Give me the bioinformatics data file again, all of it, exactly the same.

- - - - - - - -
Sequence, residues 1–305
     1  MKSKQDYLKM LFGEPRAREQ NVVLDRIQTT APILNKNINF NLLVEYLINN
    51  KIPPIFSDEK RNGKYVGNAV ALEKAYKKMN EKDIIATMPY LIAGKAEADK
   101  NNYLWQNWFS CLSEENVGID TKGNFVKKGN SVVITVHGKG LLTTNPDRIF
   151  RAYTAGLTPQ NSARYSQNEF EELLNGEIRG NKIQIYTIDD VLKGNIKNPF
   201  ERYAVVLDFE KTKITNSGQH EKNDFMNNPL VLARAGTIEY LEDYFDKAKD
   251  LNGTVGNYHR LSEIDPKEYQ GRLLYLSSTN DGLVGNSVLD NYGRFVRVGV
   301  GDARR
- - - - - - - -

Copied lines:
Sequence, residues 1–305
     1  MKSKQDYLKM LFGEPRAREQ NVVLDRIQTT APILNKNINF NLLVEYLINN
    51  KIPPIFSDEK RNGKYVGNAV ALEKAYKKMN EKDIIATMPY LIAGKAEADK
   101  NNYLWQNWFS CLSEENVGID TKGNFVKKGN SVVITVHGKG LLTTNPDRIF
   151  RAYTAGLTPQ NSARYSQNEF EELLNGEIRG NKIQIYTIDD VLKGNIKNPF
   201  ERYAVVLDFE KTKITNSGQH EKNDFMNNPL VLARAGTIEY LEDYFDKAKD
   251  LNGTVGNYHR LSEIDPKEYQ GRLLYLSSTN DGLVGNSVLD NYGRFVRVGV
   301  GDARR